Conservative government falls in non-confidence vote

OTTAWA—Stephen Harper’s minority Conservative government has been defeated in a non-confidence vote.

The Friday afternoon vote was a moment of rare parliamentary drama as Liberal, New Democrat and Bloc Quebecois MPs stood one by one to signal their opposition to the ruling Conservatives.

The Conservatives were defeated in a 156 to 145 vote.

Speaking after the vote, Harper said he was disappointed with the defeat of his government, saying it sparks an election that Canadians “clearly” don’t want.

He said the Tuesday budget that was denounced by the three opposition parties was “critically important” to continuing Canada’s economic recovery.

In what promises to be a recurring election theme, he took aim at the Liberals and their “coalition partners” for forcing Canada’s fourth election in seven years.

Harper is expected to visit Governor General David Johnston at Rideau Hall Saturday morning to set in motion an election that will likely send Canadians to the polls on May 2 or May 9.

It will be Canada’s fifth election in just over 10 years – three of those elections have produced minority governments.

In the 308-seat House of Commons, the Conservatives have 143 seats, the Liberals 77, the Bloc 47 and the NDP 36. There are two Independent MPs and three vacancies.

The vote caps an acrimonious morning as opposition MPs put forward their arguments to topple the Tories.

“Enough is enough,” Ignatieff declared, adding that Harper has shown disrespect for democracy, undermined Canada’s finances and chosen to spend money on “jets and jails” instead of measures to help Canadian families.

“A government that does not respect democracy does not deserve to remain in power,” Ignatieff said in the Commons Friday morning.

He said the Harper government had failed to address vital issues such as health care, child care and assistance for “Canadian families in poverty.”

Instead, he said, the Conservatives are devoting billions of dollars to purchasing 65 F-35 fighters, building prisons and providing income tax breaks for corporations.

“So we need a change,” Ignatieff said. Previewing his election campaign platform, he went on to say the priorities for Ottawa’s spending should be early learning and childcare; post-secondary education for all, “especially for aboriginal and immigrant Canadians;” energy efficiency and “green jobs;” care for ill family members and better support for the retired.

Ignatieff kicked off debate on the Liberals’ motion that declares that the Commons has lost confidence in the Conservative government after the “unprecedented” committee finding that it was in contempt of Parliament.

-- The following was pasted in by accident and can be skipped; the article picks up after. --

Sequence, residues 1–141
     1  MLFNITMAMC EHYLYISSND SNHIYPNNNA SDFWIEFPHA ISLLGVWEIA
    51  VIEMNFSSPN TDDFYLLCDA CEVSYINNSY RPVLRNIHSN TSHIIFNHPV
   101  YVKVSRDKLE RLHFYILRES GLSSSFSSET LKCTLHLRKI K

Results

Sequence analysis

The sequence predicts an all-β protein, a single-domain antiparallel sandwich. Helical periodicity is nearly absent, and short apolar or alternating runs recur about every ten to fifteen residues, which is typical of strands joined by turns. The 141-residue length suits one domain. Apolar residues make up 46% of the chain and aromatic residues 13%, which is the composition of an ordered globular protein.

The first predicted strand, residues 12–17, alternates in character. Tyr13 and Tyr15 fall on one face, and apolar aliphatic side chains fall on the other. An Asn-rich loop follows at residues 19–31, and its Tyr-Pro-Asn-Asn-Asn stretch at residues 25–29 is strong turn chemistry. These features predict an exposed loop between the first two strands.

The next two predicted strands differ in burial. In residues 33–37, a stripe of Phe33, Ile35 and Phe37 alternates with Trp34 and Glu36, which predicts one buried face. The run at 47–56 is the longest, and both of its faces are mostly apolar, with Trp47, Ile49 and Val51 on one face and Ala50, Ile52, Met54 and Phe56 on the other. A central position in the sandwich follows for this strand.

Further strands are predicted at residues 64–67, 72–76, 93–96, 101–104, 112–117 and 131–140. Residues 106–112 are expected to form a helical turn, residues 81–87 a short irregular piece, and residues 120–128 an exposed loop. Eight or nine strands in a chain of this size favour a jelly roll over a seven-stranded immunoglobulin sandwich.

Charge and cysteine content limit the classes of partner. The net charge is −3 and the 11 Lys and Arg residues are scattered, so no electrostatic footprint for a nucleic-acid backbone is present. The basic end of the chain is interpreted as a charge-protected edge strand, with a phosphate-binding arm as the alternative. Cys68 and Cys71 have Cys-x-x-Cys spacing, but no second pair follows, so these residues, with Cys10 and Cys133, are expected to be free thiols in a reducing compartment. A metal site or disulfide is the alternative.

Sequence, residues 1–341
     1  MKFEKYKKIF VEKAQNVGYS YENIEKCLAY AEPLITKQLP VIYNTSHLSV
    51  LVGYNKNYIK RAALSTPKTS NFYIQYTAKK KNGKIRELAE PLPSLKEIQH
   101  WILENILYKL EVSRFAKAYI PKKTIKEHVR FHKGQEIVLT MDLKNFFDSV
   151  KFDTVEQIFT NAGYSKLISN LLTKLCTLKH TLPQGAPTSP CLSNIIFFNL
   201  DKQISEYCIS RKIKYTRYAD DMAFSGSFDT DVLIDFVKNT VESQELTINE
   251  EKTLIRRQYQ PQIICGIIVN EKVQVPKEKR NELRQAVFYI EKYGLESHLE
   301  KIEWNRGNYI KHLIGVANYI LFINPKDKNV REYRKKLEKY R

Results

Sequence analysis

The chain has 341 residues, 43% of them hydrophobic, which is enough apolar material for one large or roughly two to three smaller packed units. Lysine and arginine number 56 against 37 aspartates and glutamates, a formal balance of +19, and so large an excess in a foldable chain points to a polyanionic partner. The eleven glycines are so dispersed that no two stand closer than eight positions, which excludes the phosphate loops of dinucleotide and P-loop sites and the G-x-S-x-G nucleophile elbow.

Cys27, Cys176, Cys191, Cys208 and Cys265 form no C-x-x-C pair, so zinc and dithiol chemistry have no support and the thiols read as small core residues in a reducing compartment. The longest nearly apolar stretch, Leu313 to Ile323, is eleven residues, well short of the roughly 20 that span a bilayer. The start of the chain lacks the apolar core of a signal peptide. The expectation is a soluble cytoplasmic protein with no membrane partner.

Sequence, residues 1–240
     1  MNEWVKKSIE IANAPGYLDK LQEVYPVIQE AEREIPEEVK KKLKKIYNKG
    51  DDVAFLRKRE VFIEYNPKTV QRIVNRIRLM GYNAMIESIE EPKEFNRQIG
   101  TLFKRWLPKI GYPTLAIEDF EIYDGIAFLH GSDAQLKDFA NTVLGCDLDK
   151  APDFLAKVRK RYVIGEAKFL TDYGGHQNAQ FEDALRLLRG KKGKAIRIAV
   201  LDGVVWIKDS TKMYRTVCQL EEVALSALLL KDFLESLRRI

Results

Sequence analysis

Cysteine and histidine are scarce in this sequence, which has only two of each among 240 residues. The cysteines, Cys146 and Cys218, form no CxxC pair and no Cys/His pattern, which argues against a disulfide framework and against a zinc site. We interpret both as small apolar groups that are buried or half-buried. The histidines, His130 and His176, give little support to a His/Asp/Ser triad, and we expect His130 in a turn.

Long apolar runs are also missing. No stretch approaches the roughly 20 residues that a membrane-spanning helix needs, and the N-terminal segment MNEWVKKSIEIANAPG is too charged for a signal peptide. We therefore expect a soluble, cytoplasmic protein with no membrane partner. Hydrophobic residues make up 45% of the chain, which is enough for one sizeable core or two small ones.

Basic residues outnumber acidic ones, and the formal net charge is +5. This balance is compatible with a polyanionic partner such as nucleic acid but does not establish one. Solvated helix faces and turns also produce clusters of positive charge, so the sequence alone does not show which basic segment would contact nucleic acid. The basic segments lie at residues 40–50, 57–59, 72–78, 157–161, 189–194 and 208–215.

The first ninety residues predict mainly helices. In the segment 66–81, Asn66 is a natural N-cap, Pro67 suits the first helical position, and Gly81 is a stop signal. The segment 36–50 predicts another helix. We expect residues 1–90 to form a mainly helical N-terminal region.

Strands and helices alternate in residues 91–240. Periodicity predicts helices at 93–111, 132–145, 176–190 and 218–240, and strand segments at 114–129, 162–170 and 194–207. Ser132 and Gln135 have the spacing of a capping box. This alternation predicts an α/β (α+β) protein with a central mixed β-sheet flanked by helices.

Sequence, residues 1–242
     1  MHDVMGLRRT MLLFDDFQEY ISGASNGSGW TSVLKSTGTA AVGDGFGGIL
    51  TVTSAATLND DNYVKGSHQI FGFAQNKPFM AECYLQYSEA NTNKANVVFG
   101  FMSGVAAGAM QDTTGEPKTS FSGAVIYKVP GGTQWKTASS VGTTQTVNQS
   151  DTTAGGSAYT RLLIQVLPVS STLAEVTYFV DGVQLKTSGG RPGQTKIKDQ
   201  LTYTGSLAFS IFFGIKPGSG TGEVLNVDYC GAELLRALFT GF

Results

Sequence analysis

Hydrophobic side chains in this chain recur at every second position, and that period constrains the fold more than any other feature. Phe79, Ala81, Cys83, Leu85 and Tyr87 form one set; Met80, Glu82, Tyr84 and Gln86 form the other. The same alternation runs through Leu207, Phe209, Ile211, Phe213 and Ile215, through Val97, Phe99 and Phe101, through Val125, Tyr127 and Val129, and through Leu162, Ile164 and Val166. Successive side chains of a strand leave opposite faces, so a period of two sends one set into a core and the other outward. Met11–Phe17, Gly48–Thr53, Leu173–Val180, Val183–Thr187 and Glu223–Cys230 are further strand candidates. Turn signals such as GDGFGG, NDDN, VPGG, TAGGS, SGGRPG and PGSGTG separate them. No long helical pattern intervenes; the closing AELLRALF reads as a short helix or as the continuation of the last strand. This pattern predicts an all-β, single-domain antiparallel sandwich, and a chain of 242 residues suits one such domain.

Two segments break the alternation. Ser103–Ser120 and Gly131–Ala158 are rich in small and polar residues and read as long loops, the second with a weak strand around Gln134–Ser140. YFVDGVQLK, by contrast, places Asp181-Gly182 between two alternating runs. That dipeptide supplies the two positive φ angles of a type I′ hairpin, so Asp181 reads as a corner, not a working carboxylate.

“We did not seek an election. But if we need one to replace a government that doesn’t respect democracy with one that does, I can’t think of a more necessary election,” Ignatieff said to the applause of his caucus.

He said there is a “hunger” among Canadians for a new direction after five years of Conservative rule.

“Enough of the politics of fear. Enough of the politics of division,” he said.

Government House Leader John Baird signaled the Conservative campaign will renew its negative characterization of the Liberals and NDP as a coalition determined with the help of the Bloc Quebecois to gang up on the Tories. Harper used this gambit to rally the public against the opposition in late 2008 when the Liberals, NDP and BQ joined forces in an attempt to defeat the government over what they saw as an inadequate federal budgetary plan.

In an acrimonious debate that appeared to preview a hard-hitting campaign, Baird accused the opposition “coalition” of forcing a “reckless” election at a time when Parliament was achieving results.

He said it’s opposition MPs who have shown “real contempt” for Parliament by ganging up on the government.

“They will have to answer for that,” Baird said.

He said the election will weaken Canada’s economic recovery and derail measures outlined in Tuesday’s budget, such as more cash for the poorest seniors.

NDP Leader Jack Layton said Harper could have tried to avoid an election by working with other parties to improve Tuesday’s budget but the Prime Minister did not do so.

“The truth is the Prime Minister prefers to have an election,” Layton told MPs.

Presiding over the debate and the historic vote to come was Peter Milliken, his last day as Speaker of the House of Commons. Milliken, a Liberal who represents Kingston and the Islands, is not running for re-election.

He was first elected Speaker in 2001 and has held the post since then, making him the longest serving Speaker in Canadian history. In a day when the Commons was filled with sharp partisan rhetoric, all parties took a break to pay tribute to Milliken’s service.

“With your departure, this place loses a faithful guardian,” Liberal Leader Michael Ignatieff said.

NDP MP Libby Davies noted that Milliken presided over many key parliamentary moments, such as breaking a tie vote in 2005 to prevent an early federal election.

Davies hoped that Milliken, a long-time student of parliamentary procedure, isn’t “left to muttering ‘order’ in your sleep.”

 Source-Thestar.com

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